Of being stuck and making the world a better place.

“Verily, the believers are like a structure, each part strengthening the other,” – Prophet Muhammad S.A.W

As I am writing this, I am scrolling through pictures of my days in UIA during the Movement Control Order. I can still feel certain muscles reacting to certain pictures in protest, but my heart feels content.

On the first couple of days when MCO was announced, I waved goodbyes happily to my friends who were going back home. And gave my shoulder to those who couldn’t, “rilek lah, 2 minggu je” boy was I wrong. I actually planned to go back a few days after the “lockdown” began, hoping to see things settle down (ie cafe operations, students SOPs, PICs) but a few days later, the university decided to locked it’s gates and the government began a strict travel restriction, thus beginning my experience.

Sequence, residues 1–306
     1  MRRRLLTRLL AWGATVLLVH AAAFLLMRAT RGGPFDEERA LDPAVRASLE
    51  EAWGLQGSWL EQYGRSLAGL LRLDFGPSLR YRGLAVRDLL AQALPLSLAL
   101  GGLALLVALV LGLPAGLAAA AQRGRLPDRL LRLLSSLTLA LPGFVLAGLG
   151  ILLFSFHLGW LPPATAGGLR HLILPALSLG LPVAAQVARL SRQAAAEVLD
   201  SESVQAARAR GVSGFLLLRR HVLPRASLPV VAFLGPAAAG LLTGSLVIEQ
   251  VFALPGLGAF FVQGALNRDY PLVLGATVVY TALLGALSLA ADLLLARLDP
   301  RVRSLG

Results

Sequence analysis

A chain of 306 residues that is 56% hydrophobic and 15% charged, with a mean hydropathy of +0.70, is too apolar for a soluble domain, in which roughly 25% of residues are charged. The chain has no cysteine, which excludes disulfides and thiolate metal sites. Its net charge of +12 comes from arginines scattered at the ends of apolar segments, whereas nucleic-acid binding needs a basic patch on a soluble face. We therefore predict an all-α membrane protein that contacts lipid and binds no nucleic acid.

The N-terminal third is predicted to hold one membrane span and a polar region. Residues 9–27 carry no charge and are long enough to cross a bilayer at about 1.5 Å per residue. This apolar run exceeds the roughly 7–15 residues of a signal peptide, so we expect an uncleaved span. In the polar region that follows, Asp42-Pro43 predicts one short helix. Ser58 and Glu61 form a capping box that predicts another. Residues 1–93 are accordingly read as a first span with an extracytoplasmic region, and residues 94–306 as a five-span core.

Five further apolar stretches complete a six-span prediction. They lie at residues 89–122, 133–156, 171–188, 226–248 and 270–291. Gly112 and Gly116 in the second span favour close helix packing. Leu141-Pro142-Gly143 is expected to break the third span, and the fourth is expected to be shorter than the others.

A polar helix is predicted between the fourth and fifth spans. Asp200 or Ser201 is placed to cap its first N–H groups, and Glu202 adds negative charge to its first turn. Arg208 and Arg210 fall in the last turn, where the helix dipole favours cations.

The first couple of days were normal, I was having fun with my (only) roomate that did not went back, he was my biggest support system throughout MCO. STADD and RSD started rolling out forms after forms, looking for data, to help everyone. I remember, we came across a person who hasn’t ate for 2 days, his cage was closed and he had no money on him, I cried, I later found out he was my roomate from my foundation days, I cried even harder. That night I slept with guilt.

Along the earlier weeks, I was also called for duty through the establishment of IIUM Students Taskforce for COVID-19. It was a team of not more than 20, with a few officers from ODRSDCE and STADD, the rest were mostly student leaders from various societies and members of Student Union, there were only 2 Presidents of MRC/ members of MRCC, and I was the chair, I remembered when I was called up, I smiled, at least I had something to do.